Automation, BOTS, HR and The Future Ahead

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2012: Professor Philip Parker at the Insead Business School created software capable of generating more than 200,000 books.

2014: The Nikkei Hoshi Shinichi Literary Award panel decided to consider the books authored by artificial intelligence software apart from human authors. And the results of the latter are–surprisingly and scarily–not that bad.

Apple’s Siri in 2011 , Amazon’s Alexa in 2014 and Google Assistant in 2016  – the trio personal or digital assistants – help keep you connected, informed, in the right place, and on time by simply using your voice.

HDFC Bank’s Web – Bot –‘Eva’ (Electronic Virtual Assistant) – which has successfully addressed over 2.7 million customer queries in six months to become India’s largest banking chatbot.

The BOT revolution is all set to become the biggest transformation in the world’s workforce since the industrial revolution. Robotic process automation (RPA) has already started reshaping the workplace dynamics.  Chatbots, robots, and virtual assistants powered by advanced algorithms have already secured a place in the workforce.  As organizations become more attuned with automation, RPA will take over low value – repetitive and mechanical jobs Oxford University researchers believe that about 47% of all jobs will be completely taken over by robots within the next 17 years. Gartner Group has also published findings stating that on a global scale, a third of the jobs will be lost to robots by 2025. The spending on Digital transformation are predicted to increasingly emphasize automation. This year, AI is all set to becoming a reality at the workplace.

“The silver lining however is that automation will also create jobs despite an overall belief and fear of job losses. The relationship between man and machine has always been viewed with skepticism and initially always met with huge political uproar and resentment. However, this resolution is unstoppable and will eventually set a place for itself.”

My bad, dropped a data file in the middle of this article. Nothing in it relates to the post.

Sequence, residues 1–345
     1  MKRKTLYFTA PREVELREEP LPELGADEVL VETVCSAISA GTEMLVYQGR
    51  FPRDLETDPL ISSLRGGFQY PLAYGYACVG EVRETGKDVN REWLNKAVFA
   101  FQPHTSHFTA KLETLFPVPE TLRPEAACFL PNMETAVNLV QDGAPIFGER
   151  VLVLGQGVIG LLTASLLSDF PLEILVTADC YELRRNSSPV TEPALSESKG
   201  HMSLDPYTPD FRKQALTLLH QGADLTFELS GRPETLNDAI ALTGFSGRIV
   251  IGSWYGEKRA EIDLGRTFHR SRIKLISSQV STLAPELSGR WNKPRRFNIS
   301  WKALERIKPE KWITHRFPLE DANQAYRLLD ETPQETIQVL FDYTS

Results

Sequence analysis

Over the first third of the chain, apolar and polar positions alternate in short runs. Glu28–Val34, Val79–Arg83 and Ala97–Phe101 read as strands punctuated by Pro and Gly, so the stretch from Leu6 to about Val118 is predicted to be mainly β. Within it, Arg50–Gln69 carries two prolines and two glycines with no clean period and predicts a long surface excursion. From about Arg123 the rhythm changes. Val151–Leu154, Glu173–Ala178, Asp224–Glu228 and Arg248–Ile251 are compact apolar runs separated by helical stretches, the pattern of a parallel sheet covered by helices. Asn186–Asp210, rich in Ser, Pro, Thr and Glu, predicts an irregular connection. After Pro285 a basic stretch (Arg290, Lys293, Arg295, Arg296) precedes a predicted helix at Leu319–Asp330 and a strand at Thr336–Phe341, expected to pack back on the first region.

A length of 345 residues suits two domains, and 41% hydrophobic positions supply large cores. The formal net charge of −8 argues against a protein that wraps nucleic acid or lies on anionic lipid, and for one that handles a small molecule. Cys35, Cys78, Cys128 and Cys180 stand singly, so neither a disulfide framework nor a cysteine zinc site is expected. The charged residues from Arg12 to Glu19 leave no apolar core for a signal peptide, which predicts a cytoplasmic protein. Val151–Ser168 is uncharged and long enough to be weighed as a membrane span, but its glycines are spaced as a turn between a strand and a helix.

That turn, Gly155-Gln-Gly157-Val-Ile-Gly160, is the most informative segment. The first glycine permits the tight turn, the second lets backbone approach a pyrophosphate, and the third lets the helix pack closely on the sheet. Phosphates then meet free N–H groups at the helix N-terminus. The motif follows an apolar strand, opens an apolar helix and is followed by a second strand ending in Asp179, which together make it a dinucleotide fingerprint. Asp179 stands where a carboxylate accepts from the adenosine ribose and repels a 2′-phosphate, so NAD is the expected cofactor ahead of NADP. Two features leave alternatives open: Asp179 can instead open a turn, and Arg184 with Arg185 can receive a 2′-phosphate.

The silver lining however is that automation will also create jobs despite an overall belief and fear of job losses. The relationship between man and machine has always been viewed with skepticism and initially always met with huge political uproar and resentment. However, this resolution is unstoppable and will eventually set a place for itself. The technological advancement whenever came in conflict with human skills has always created an upheaval. HR and businesses will need to work together and plan now for collectively and individually adapting to the new era of bots.

Paul Donaldson, UK practice lead for automation at sourcing consultancy Alsbridge states “Virtual workers should be included as part of an overall resourcing strategy. Robots will operate 24/7 and won’t take breaks but they still need to be managed to make sure they are working at an optimum level… Understanding the capabilities of this new workforce and ensuring they work in conjunction with your existing teams is a key activity for HR.”

With robots and artificial intelligence now being able to replicate processes once considered as doable only by humans, the challenge and opportunity for businesses is clear. But is HR fraternity and the organizations waking up with expected speed to address the situation?

Danielle Harmer – the chief people officer at Metro Bank, fears that if HR is not actively involved in organizational design and automation conversations, then automation could happen for the wrong reasons – namely cost-cutting instead of enhancing what the business does. The challenge principally stops being one of working out which jobs should be replaced and how to manage job losses. Instead it becomes more of an opportunity – a chance to work out how technology might augment employees’ day-to-day activities and what kinds of new job descriptions might be created.

HR would need to be deeply involved in decisions regarding implementation of automation. HR will have to be a part of it, be open to yet another learning phase – study researches, reports and studies, and attend conferences. Be proactive and apply strategic thinking on how this resolution will influence and will impact the organization.

Impact on HR Function

The HR function itself will be hugely impacted by this revolution. Robotic Process Automation (RPA) will automate rule-based, repetitive and standardized tasks. HR will have more time to focus on more complex tasks, including making strategic decisions and forming hypotheses as well as decisions based on the data. Interpersonal skills, emotional intelligence, entrepreneurial spirit, and leadership are some skills which involve emotions and feelings in which the AI cannot replace humans. To drive this point further, a FuturaCorp study posits that although four out of every five deterministic jobs are bound to be replaced by robots, four out of every five complex problem solving jobs will still be retained by human beings.

The HR function will able to focus on more strategic issues, including employee experience programs and training. This training would need to focus on reskilling not only themselves but their current employees as well as preparing them for this BOT revolution. When AI becomes a fact of workplace life, HR should be able to help people gain a more optimistic view – which is that the rise of bots will bring economic prosperity and a major increase in job satisfaction. BOTs entering the workplace will bring with along new set of jobs where humans will always be the master.

#Editorial by: Kashesh Verma and Romesh Srivastava

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